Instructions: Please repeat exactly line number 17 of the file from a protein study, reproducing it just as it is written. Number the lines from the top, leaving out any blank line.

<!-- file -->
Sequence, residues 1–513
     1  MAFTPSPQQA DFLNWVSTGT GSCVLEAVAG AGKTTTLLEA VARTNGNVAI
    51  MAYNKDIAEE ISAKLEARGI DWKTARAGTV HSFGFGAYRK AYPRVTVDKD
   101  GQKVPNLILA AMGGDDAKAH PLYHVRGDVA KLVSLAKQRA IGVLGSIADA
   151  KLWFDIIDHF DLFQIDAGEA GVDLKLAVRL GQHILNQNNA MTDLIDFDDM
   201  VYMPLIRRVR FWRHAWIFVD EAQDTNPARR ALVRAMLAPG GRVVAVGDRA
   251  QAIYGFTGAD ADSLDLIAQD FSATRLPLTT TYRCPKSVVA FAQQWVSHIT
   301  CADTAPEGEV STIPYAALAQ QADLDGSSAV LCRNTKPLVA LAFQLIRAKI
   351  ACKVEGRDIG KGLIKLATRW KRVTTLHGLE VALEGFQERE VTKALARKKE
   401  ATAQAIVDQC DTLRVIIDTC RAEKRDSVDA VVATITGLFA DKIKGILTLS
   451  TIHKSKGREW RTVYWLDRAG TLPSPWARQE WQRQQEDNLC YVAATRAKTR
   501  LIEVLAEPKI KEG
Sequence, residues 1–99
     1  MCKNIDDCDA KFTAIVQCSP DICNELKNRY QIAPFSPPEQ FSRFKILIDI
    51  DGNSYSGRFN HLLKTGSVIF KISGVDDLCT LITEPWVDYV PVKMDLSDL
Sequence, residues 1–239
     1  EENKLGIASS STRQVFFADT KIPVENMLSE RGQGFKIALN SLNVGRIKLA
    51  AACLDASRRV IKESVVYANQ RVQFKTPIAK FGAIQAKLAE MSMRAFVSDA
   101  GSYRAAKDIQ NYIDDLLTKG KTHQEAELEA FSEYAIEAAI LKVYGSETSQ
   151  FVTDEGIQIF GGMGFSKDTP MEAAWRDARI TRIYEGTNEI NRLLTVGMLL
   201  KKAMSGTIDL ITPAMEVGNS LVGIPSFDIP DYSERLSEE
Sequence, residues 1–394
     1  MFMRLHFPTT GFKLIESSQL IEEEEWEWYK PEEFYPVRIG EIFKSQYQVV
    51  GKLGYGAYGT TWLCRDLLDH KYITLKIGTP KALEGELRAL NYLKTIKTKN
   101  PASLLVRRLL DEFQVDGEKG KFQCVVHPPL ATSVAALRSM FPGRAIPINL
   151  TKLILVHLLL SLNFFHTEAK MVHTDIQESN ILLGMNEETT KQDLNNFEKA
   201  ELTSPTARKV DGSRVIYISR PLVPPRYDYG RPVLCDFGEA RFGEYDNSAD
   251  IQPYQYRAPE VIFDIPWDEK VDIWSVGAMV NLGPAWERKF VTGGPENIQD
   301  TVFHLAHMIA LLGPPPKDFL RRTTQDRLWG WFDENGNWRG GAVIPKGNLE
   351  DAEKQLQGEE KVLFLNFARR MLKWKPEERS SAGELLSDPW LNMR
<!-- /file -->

     1  EENKLGIASS STRQVFFADT KIPVENMLSE RGQGFKIALN SLNVGRIKLA